I’m coming back

TW: mention of suicide and self harm

Ok, so I have been gone from blogging for a long time but I feel like I’m finally ready to return.

I dropped out for a while because I got overwhelmed. I took on too much at once like I do so often and my depression and anxiety were getting worse. It got to the point where I started having suicidal thoughts again and was practicing self harm through scratching and biting. All this was brought about due to a serious case of self-loathing and a guilt complex that left me feeling like a burden to everyone around me.

Luckily I have a very supportive partner who has been helping me through this. Things are more stable for me now and while I still have bad days and rough moments, I know I’m improving. I am back working with children again and it has been a major boost to my happiness and moral because of how much I love the work. Now it’s time for me to boost that further by coming back to blogging and writing.

I started getting back into writing through participating in NaNoWriMo for the first time and while I didn’t hit the 50,000 word goal I did still write upwards of 30 pages worth in about 2 1/2 weeks. Something still worth celebrating, especially considering how little I usually do.

Now that I’m coming back I’m going to be taking it slow so hopefully I don’t overwhelm myself like I did last time (not all of it was from everything I was doing with the blog, I was having a rough time in general with finances, mental illness and a whole bunch of other stuff). I will start by bringing back the Diverse Fantasy Reviews. Those will be going up weekly starting either next Monday on the 14th or the following Monday on the 21st. I haven’t picked a book out yet but I’ll let you know when I do.

As for the Infuriating Fantasy articles I am going to move those to a vlog format that will be part of a weekly video series of let’s plays, opinion pieces, advice, discussion, and anything else I want. Basically it’ll be freeform and different every week. It’ll be a while before I start that up but I’ll keep you guys posted as things develop.

Some of you may remember my mentions of starting a diverse superhero series called Coalition For Terran Defense. I do still plan to do that, though I’m still trying to figure out what format I want (web comic, prose, or both) it in and whether I want to post it to my blog or publish them as ebooks or some combination of that. Again I will keep you all posted as things develop on that front.

My goal for 2016 is to start publishing short ebooks and novellas as well as start submitting stuff to magazines, anthologies, and small presses to get my writing out into the world. I also plan on opening up a Patreon account for those who want to help support me.

Well I believe that’s everything at the moment. feel free to hit me up if you have any questions, comments, suggestions or feedback.

Catch you all later


Update 9/14/2015: Schedule update

Ok. so a lot of things have come up this past week. Due to financial difficulties I’m picking up work as a babysitter and petsitter. I’ve got a lot of potential jobs and interviews coming up for that and need some time to get everything sorted in my schedule so I don’t overwhelm myself again. As such I won’t be able to get any articles up this week either. That being said I will be back next week with my new schedule, the blog site will be updated, and hopefully things will go more smoothly from there on. DiFR will now be Monday’s at 8PM PST and Infuriating Fantasy will be Friday’s at 8PM PST. My super hero series Coalition for Terran Defense will have a new short story, at first, as often as I can get them done, but I hope to move to a monthly release schedule for that once things become more concrete.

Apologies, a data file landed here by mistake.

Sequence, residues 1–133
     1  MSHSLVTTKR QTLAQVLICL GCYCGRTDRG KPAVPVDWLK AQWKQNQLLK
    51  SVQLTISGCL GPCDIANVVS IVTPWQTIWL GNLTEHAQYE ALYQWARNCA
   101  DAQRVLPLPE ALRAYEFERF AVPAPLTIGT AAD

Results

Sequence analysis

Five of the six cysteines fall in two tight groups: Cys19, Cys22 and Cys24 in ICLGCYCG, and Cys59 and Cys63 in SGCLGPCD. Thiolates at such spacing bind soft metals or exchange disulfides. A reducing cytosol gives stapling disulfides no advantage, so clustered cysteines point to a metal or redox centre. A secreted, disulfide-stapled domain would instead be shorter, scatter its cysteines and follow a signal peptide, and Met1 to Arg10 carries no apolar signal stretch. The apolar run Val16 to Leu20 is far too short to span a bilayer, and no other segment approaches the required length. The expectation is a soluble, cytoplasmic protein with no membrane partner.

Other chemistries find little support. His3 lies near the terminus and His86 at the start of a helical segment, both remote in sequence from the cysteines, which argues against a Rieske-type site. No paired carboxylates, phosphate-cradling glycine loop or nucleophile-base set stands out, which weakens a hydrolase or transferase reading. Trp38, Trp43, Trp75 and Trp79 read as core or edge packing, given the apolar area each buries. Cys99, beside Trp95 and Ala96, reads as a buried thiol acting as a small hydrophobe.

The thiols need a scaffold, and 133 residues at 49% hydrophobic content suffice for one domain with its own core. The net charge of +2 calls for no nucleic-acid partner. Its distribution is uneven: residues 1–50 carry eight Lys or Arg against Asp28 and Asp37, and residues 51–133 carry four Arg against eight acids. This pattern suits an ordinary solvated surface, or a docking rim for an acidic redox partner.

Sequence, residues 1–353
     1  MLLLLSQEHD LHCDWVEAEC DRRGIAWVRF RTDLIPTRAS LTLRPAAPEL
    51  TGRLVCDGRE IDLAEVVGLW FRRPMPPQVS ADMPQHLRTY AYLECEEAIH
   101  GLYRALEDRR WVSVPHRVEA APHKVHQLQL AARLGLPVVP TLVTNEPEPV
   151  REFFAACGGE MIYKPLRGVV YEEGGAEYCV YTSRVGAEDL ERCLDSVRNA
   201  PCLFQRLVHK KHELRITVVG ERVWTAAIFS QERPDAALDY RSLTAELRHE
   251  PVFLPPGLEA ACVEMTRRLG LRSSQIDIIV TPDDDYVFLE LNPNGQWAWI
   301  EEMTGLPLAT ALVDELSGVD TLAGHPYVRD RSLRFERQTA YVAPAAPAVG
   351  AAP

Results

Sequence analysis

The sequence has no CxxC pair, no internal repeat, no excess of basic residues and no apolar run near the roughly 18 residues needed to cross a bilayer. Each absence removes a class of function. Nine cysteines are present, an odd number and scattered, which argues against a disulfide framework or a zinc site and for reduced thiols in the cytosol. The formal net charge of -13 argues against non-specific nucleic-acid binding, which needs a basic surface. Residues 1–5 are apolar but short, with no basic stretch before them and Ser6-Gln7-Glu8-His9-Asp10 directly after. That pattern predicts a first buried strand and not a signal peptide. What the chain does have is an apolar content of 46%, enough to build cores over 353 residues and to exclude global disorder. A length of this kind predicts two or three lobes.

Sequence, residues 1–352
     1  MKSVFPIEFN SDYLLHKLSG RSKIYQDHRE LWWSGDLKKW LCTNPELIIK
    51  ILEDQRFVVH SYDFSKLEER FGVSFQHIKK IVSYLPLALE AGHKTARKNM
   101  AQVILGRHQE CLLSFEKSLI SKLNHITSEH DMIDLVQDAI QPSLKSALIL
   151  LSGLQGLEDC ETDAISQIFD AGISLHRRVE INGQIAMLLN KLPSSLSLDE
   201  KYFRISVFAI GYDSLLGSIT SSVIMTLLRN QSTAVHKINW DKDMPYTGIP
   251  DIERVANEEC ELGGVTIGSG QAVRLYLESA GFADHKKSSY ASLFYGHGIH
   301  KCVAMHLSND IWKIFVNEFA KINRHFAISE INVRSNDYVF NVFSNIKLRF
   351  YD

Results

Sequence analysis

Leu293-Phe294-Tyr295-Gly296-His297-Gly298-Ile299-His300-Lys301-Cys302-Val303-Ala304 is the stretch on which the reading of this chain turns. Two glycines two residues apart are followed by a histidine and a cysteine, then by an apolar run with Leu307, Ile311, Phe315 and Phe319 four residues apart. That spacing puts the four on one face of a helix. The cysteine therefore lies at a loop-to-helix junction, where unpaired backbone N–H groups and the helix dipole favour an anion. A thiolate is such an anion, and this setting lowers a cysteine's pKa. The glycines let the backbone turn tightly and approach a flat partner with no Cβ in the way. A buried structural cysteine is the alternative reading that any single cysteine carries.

If you have any questions for me, let me know. Thank you everyone for your support and patience

Update 9/4/2015: Depression, Anxiety, Time off, and Schedule Changes

Ok, for those who don’t know I have severe depression and anxiety. It’s the primary reason why I currently have no day job and no source of income. I recently had to stop seeing my therapist because I’ve run out of savings. I get sick a lot because, on top of having my immune system weakened by depression and anxiety, I also have anemia and a poor diet. I have a poor diet because I’m highly lactose intolerant and dairy free diets are expensive. On top of all this, my ADHD amplifies my symptoms of depression and anxiety because it makes it so hard to focus on what I need to do and makes my hyperfocus on poisonous thoughts and actions. All of this leaves me with low energy throughout the day and makes it difficult for me to do even simple things like get out of bed in the morning.

I started this blog because I love to write and I love to talk about writing. Don’t worry this isn’t some lead in to a goodbye or anything. It’s just I was so excited to start this and really focus in on writing and making my living as a writer. Cause there is nothing I want more than to do just that.

Unfortunately, in my excitement and rush to get this whole thing going and get content out as fast as possible… I wound up taking on too much too fast. I didn’t even have a proper backlog when I started. I forgot to take my own mental health into consideration. Something I do frequently. I’m very good at taking care of others. I’m terrible when it comes to taking care of myself. I need to change that or I’m never going to get better.